5. Reply cJ May 29, 2020 at 9:20 am

    What happen to is you don’t have anything to hide. And if they can do warrantless wiretapping to citizens why can’t cops be recorded. The videos wouldn’t be freely available they are for reviewing. Also it will protect police from ppl lying about misconduct. Also there are jobs with extensive background checks but ppl sign up for it. Police are giving authority that is often abused we need a check on it. It’s amazing how many times police don’t have their body cam on then what’s the point if the person it is monitoring can control it. It’s like a person on probation/parole gets to setup when and where to meet their PO.

  6. Reply Jaime S June 3, 2020 at 6:27 pm

    I don’t understand what it is that honest cops would have to be afraid of. In many places of employment, folks are being filmed as a deterrent to theft. It’s not like someone will be actively monitoring the footage all the time. Who has access to the footage could be limited; I have no problem with a subpoena being required to access it. But, for both the community and the officer’s safety, cameras should be worn and recording. The footage is not public record. Their ‘personal moments’ or meetings with informants or victims will not be publicly accessible. But, if someone accuses a cop of planting evidence, there should be someone trusted who can go back and review the footage for a particular block of time. Unless a cop is being investigated, there is no reason for any cops body cam footage to be reviewed, except as part of random periodical reviews of arrests performed by supervisors–again, limiting the viewer to the arresting footage only. There are plenty of acceptable limitations that could be put in place to protect the officers privacy. But there are too many examples of officers using excessive force against citizens, refusing to hear facts, etc., for this not to be used. When I comes to my word vs a cop’s, I know I will lose–and I’m a white female who has never been arrested or had any encounters with police beyond a speeding ticket. Officers know this, too. Too many people have had experiences with officers abusing that fact (I have 2 different friends who were fondled by cops who “didn’t want to have to give them a ticket,” one was semi-ok with the tit for tat (literally), the other very much was not) to not implement body cams.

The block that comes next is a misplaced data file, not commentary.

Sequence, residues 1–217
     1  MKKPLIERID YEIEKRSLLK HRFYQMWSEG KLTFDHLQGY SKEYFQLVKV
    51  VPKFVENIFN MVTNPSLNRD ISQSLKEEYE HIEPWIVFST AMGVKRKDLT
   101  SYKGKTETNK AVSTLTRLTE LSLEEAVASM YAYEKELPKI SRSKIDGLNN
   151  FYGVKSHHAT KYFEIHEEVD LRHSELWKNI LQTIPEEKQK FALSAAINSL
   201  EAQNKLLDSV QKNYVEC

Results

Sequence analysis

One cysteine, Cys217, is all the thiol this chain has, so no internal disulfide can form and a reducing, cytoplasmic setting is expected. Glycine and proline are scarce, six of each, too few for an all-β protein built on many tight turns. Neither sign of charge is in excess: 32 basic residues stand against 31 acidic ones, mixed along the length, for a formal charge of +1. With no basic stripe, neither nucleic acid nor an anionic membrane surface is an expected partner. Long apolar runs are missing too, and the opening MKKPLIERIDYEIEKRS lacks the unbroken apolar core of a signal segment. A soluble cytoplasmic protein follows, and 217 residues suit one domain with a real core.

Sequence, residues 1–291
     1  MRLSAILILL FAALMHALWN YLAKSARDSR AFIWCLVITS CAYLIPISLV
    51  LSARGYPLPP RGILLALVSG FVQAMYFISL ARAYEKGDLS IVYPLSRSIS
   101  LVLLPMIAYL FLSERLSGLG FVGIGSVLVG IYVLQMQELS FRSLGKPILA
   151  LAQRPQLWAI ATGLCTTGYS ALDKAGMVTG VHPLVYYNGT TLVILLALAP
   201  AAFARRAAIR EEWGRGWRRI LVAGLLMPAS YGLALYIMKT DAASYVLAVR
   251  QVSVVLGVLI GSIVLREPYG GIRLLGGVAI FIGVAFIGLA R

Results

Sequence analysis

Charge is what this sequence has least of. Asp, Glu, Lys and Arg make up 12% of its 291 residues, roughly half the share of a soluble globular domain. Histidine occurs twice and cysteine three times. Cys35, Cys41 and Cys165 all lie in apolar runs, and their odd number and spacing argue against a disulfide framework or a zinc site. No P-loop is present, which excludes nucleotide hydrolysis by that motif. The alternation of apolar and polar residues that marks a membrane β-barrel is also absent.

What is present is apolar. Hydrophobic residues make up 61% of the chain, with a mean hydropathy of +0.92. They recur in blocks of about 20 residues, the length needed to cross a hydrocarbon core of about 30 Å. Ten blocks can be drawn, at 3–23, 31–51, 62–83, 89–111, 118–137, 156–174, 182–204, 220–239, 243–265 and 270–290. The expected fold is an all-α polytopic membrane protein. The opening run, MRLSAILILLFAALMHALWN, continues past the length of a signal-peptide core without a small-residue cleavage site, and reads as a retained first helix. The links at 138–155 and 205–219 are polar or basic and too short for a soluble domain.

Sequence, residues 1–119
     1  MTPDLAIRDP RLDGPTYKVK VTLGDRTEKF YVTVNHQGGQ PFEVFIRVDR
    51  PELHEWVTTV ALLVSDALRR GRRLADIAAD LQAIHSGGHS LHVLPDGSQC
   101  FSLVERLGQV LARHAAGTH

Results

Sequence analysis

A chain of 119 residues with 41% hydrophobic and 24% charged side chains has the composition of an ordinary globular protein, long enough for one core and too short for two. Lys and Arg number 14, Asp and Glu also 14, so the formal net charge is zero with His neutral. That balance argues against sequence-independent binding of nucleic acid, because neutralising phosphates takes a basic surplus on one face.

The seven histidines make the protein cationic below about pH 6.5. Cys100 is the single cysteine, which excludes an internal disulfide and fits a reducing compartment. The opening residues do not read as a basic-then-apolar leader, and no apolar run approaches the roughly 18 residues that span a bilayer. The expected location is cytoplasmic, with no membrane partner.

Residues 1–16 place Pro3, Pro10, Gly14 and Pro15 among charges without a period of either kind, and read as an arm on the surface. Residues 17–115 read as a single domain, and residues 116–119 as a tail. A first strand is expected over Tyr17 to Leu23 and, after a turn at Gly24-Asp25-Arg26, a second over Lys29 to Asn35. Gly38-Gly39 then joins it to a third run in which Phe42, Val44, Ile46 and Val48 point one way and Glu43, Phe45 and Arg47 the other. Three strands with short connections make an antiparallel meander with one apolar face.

7. Reply Phoebe Le June 6, 2020 at 10:19 am

    I can understand the argument that having the camera on at All time will leave no privacy for anyone, and officers are human beings too.
    However, it has become quite convenient that when a dispute comes up, there’s no evidence even though police officers are equipped for that. Wouldn’t have the camera on when during an encounter would actually help the officer if he/she has nothing to hide? There are officers who misconduct, and there are civilians who file false claims against the police. At the very least, officers should be trained to turn on the cameras as they approach a scene.

  8. Reply Dennis Smith August 27, 2020 at 4:04 pm

    I hear & see both sides of the argument. A compromise then, every interaction with a perception of a interaction with a person, (meaning, a traffic stop, responding from a police dispatch, a officer’s viewing of a crime, suspected of a crime, investigation) not just saying hello or having lunch, or private conversation, but any inter – action that the civilian could get in trouble. If the officer’s body cam is not turned on to what rules of engagement the powers at be have established, that said officer would be penalized 3 month’s off with no pay. Let them have on – off abilities, but if there is an inter – action with citizen and their body cam did not record, then penalize them.